Danes breathe new life into old craftsmanship traditions

They breathe new life into craftsmanship traditions that have long since died out, combine 3D design with saddlery and spread a feeling of indomitable intransigence. Their furniture of steel and leather shines with pride throughout the world but they themselves are most at home developing their designs in the workshop. Their name are Overgaard & Dyrman.

Way up north, in the middle of nowhere and yet in the middle of everything, one can hear the sound of steel being forged. The North Jutland hands performing the work are in demand worldwide, but are most at home in a workshop in Vestbjerg, where the whistle of the birds blends with the crackle of the welding.

One can feel the presence of history from the millennia-old ice age landscape at Hammer Bakke as it looks on in silence, while chairs, tables and benches slowly emerge. The landscape has no idea that it has more than likely inspired two young men to preserve old traditions and live out a rarely seen aesthetic intransigence. Meet Christian Dyrman and Jasper Overgaard, who consider themselves to be technology nerds and take pride in producing furniture with a healthy dosage of bare fists, old craftsmanship traditions and new computer technology.

The furniture dream is born
Behind the name Overgaard & Dyrman are the two entrepreneurs Christian Dyrman and Jasper Overgaard. Their story begins 10 years ago when they meet durin the programme for Industrial Design, which was part of their engineering education at Aalborg University. The education was group-oriented but Christian and Jasper quickly found space in the curriculum, which enabled them to work alone. Little did they know that in 10 years’ time, their target-orientation would be in demand  all over the world.

The engineering studies serve as a kick-start for their collaboration and teach them all about technology, but the need to dig down deeper into the design profession will only grow bigger with time. “When you design furniture, you have to touch the materials. You have to feel it,” says Christian Dyrman. He points at his computer display and the chair from their Wire collection starts to turn around. “You have to plan and try out every single detail. Therefore, you have to use both drawing programmes and 1:1 scale models.” he says. Christian and Jasper pursued their need for creativity, dropped out of their studies in Aalborg and graduated from the Danish Design School in Copenhagen. The workshop facilities at the school prove to be the perfect leverage for their imagination and creativity.

Alpha males, each in their own part of the country
Today, Christian Dyrman is in charge of the transition from development to production. He takes care of the day-to-day management at the workshop in North Jutland, while Jasper sits in the Copenhagen office and manages the initial part of the design process, as well as PR and media. Jasper looks up with a good deal of humour in his eyes: “We are a pair of alpha males. It could easily end up with us talking and discussing things all day if we shared the same office,” he says.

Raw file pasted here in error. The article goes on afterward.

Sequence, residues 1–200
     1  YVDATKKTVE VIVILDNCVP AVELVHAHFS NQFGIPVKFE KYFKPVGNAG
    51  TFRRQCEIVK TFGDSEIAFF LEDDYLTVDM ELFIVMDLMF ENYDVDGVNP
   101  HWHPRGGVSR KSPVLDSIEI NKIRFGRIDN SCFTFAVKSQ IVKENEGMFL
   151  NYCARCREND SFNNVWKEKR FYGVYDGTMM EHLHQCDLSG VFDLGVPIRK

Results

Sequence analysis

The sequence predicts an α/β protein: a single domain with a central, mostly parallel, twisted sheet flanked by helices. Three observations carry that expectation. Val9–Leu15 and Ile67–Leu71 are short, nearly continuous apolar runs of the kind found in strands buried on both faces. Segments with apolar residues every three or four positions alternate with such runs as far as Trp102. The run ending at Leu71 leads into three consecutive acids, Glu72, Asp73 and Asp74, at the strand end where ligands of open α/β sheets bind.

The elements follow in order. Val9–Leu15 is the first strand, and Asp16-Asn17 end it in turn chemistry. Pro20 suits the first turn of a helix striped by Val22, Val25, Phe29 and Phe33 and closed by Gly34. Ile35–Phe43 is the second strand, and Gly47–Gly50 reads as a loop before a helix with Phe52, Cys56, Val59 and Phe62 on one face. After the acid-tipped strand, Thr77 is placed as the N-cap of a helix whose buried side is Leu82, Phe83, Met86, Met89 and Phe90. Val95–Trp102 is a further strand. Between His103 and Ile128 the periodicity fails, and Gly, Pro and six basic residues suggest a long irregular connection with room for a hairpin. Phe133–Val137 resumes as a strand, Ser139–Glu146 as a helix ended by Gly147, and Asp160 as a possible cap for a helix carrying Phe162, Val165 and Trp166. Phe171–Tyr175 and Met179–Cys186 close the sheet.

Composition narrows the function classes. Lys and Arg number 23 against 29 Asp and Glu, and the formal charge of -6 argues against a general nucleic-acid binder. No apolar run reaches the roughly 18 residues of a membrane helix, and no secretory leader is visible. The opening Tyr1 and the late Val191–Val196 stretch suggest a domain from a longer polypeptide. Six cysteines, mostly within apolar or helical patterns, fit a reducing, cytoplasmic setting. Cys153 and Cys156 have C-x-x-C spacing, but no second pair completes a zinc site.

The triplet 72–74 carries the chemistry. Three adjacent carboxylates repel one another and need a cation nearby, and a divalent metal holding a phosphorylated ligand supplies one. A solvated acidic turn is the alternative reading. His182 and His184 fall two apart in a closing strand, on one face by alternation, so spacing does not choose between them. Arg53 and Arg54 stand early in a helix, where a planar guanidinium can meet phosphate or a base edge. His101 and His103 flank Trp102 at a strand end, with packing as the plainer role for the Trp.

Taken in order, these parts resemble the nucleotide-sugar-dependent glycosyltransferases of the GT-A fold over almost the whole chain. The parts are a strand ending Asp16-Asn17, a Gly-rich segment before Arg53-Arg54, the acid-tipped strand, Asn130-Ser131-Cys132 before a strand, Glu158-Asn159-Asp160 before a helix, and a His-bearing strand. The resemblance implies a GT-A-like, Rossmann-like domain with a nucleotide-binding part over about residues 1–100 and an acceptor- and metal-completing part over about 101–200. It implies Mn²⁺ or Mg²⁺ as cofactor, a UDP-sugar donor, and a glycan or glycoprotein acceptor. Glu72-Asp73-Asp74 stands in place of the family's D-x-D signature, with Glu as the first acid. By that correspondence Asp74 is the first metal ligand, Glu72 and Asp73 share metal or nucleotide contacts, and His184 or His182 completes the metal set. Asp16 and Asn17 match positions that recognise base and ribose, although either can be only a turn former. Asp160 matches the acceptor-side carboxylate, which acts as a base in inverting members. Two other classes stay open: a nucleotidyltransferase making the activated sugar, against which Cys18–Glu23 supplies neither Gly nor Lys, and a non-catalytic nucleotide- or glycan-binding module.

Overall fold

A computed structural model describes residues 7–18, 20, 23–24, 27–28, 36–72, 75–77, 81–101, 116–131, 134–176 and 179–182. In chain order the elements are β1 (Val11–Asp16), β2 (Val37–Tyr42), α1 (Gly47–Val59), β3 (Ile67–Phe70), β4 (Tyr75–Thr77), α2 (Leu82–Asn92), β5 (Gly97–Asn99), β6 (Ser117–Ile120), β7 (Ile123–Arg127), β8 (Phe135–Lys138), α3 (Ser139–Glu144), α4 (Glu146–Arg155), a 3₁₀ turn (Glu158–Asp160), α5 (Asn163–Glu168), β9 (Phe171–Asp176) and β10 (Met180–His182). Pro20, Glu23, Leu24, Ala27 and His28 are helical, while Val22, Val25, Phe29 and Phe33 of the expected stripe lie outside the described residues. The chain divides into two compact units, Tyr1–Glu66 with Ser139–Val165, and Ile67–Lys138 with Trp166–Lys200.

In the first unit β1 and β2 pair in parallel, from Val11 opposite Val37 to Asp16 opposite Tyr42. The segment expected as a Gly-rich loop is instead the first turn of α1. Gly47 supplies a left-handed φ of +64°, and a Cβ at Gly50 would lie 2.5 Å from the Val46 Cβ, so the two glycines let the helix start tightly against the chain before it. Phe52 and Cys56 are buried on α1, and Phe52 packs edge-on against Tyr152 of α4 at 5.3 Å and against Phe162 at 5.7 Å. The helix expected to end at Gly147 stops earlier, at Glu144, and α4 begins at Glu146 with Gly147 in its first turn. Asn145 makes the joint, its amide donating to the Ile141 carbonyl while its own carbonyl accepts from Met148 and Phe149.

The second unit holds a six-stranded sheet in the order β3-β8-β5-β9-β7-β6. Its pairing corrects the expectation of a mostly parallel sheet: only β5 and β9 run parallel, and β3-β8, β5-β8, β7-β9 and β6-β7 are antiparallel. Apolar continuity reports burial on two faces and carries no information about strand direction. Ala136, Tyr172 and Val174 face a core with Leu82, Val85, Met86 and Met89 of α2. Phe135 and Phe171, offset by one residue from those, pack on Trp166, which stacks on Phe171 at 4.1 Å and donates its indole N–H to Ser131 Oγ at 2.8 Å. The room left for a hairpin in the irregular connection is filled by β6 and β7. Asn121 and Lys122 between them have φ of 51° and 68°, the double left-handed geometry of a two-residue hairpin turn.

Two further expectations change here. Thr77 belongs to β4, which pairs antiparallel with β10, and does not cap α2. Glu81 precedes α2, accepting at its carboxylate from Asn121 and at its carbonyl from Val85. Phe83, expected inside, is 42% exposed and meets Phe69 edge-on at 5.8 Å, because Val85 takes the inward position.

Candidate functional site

Christian nods in agreement and says: “When we decided to start Overgaard and Dyrman, we were both employed in each our own parts of the country. I’m originally from Northern Jutland and Jasper is from Zealand, so it had a lot to do with what we both wanted. I didn’t want to move to Copenhagen just because it’s supposed to be the right thing to do. I wanted to live here. Those are the conditions and we just have to make it work. In addition, a large part of the subcontractor and production world in Denmark is here in Jutland, and a large part of the design and marketing world is situated in Copenhagen.”

No thanks to outsourcing
Back to their days of studying; and one of the partner’s projects leads to collaborating with a company who wants to put the furniture into production. They try unsuccessfully in India, followed by China with the same result. “A prototype was made that wasn’t at all as we would have liked it to be, and that made us realise how difficult it is when you are so focused on details, and have so many opinions about how things should be done that you have to outsource it to another company as an intermediary,” says Christian Dyrman and looks at his partner, who nods approvingly: “You must be prepared to compromise your work in order to adapt to that world, or do it all by yourself.” The partners decided to choose the latter, quit their good jobs and put on their work clothes.

Can, will and do it yourself
Christian Dyrman brings out one of the chairs from their Wire collection. The leather is at the same time smooth, soft and firm. The shape is organic, flowing and light, even though it’s made entirely of hardened steel. The result of the target-orientation, determination and uncompromising handiwork of these men is unique and one can’t tell that the steady hands used to carry out this proud piece of work had almost been shaking with fear when the first buyers approached. But that’s how it is when you want to do everything yourself. And the hands quickly learn how to speak the language of the merchant.

The cave of the dwarves in Northern Jutland
Just like the seven dwarves in the story of Snow White; Christian and Jasper work every single day of the year on their productions. They slave, hammer, pound and sew. And at the beginning of 2014, the diamonds appear. The buyers come from San Francisco and Switzerland.

Christian sits down on his chair and leans back. “And there we sat. We had to make distribution agreements and the buyers wanted to earn this and that much on the product. Learning about the world of sales has been a huge journey in itself. It can be both exciting and stressful,” he says and Jasper continues by saying: “We’re design and product nerds, and then we had to think about marketing and sales, establishing the company and increasing our production. An exhibition in Cologne proved to be the best thing we ever did. Not because of the exhibition itself but because of the material we needed to make for it.” It was especially the bloggers who gave the partnership a good start. “They’re the ones who say what’s new and chic and our customers read these blogs,” says Christian.